Sam’s Beer Blog – Real Ale

For the most part, my beer blogs have been focused around craft beer, because that’s what I’m passionate about. I’m also a long-time real ale fan. I went to my first Cambridge Beer Festival at 19 years old (13 years ago, although the hairline would suggest longer). I have loved real ale ever since, as do our gig-goers. No matter what great, unique craft beer cans we have in the fridge, gig-goers will always spot the ale pumps first. A lot of people look for buzzwords: if a beer has the words “golden” or “hoppy” on the badge, it’s guaranteed to sell well. But, as I’ve written about before, if one of these people dare venture outside their comfort zone and try a pint of oatmeal stout, for example, they might be pleasantly surprised.

One of the real ales I try and have on consistently is Tribute, from Cornish brewer St. Austell. I prefer my beers to be more malty than hoppy; I love that biscuity after-taste. Tribute delivers this, and at 4.2%, it’s perfect if you’re on a session. It’s also tremendously refreshing; you’re never going to get sick of this beer. The brand is very recognisable too, so it’s popular with people who don’t necessarily get to go down the pub often.

Speaking of recognisable brands, Oakham beers are more popular than ever at The Portland. You know what to expect from an Oakham beer: hops. Lots of them. Because of this reputation, Oakham beers go down a storm, especially at our Sister pub The Alex, where they strive to have at least one Oakham beer on draught at all times. Funnily enough, Oakham have just released a range of canned craft beer. Look for Thrill Seeker, Best Friend and Alpha Inception in our fridges.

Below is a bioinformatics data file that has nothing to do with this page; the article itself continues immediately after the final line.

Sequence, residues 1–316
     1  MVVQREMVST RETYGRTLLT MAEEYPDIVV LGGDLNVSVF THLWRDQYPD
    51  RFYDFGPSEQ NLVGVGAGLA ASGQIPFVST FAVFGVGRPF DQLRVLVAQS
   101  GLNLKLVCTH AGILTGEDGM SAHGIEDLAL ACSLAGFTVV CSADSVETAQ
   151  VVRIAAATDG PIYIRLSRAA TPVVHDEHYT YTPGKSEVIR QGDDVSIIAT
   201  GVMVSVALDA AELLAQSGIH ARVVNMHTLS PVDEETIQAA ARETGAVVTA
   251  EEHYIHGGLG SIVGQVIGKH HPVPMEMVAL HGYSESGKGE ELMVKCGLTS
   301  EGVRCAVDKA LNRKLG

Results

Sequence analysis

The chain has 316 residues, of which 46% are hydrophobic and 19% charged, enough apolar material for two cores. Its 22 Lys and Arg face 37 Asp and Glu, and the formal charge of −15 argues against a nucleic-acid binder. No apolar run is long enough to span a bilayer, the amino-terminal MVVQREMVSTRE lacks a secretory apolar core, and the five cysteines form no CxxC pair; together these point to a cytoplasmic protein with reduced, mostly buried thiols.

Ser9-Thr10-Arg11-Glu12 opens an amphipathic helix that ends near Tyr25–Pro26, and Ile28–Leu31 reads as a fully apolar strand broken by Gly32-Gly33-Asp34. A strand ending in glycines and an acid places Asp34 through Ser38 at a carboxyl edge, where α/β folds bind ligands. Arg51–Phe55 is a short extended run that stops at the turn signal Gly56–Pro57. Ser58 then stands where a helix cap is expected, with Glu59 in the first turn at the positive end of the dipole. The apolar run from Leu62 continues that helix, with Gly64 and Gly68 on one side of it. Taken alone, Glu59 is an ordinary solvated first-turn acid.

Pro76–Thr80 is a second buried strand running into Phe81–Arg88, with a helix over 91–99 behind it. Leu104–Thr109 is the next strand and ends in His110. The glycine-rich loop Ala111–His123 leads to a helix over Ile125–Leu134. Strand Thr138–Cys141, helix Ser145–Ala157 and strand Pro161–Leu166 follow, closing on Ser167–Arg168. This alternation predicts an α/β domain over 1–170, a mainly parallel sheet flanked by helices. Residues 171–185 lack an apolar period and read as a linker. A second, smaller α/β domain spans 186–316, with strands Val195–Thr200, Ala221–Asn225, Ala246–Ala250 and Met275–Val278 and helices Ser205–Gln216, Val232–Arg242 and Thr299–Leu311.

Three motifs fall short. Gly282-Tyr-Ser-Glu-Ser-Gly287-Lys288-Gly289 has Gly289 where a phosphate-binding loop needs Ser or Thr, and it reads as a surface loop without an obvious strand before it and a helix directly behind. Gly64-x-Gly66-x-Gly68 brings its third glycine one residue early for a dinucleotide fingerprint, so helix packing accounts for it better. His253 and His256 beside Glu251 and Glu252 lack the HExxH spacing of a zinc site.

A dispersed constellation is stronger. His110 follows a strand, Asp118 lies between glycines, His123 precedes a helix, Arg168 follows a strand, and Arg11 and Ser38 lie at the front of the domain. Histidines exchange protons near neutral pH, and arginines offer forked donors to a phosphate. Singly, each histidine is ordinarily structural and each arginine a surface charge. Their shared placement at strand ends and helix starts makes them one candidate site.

Greene King’s XX Mild won several Best Beer awards last year, for its contributions to the Mild genre. When I think of the term “mild”, I think of two old boys sitting next to a fruit machine, in the middle of the day, complaining about the youth of today. Because of this mindset, XX Mild often gets overlooked. It is therefore quite hard to find in Cambridge, as some pubs are hesitant to stock it. We sell a lot of XX Mild, as we have developed a reputation for having it on draught regularly (and for keeping it well, obviously). It’s not just weirdy-beardies that drink it either; when people try it, they tend to stay on it for the rest of the night.

And then there’s old faithful: Greene King IPA. I fear that sometimes this beer is missold, as the term “IPA” is more associated with craft beer in this day and age. Hipsters go mad for an IPA… when they’re served by keg or in a 330ml can. Nevertheless, Greene King IPA is as reliable a pint as you’ll find. It’s a solid session ale. No thrills, just top quality beer. It’s our best-selling real ale by a country mile.

The point of this blog is, don’t overlook real ale. Even though the market took a small hit during the craft beer boom, real ale is set to make a big comeback as breweries realise this is what the masses still crave. As far as I’m concerned, real ale is as good in 2019 as it was back in 2006 at the Cambridge Beer Festival, when you (me) first experienced it.

Do you have a favourite real ale? Should I be stocking beers from a particular brewery? Come in and tell me about it! Alternatively, you can find us on social media @ThePortlandArms.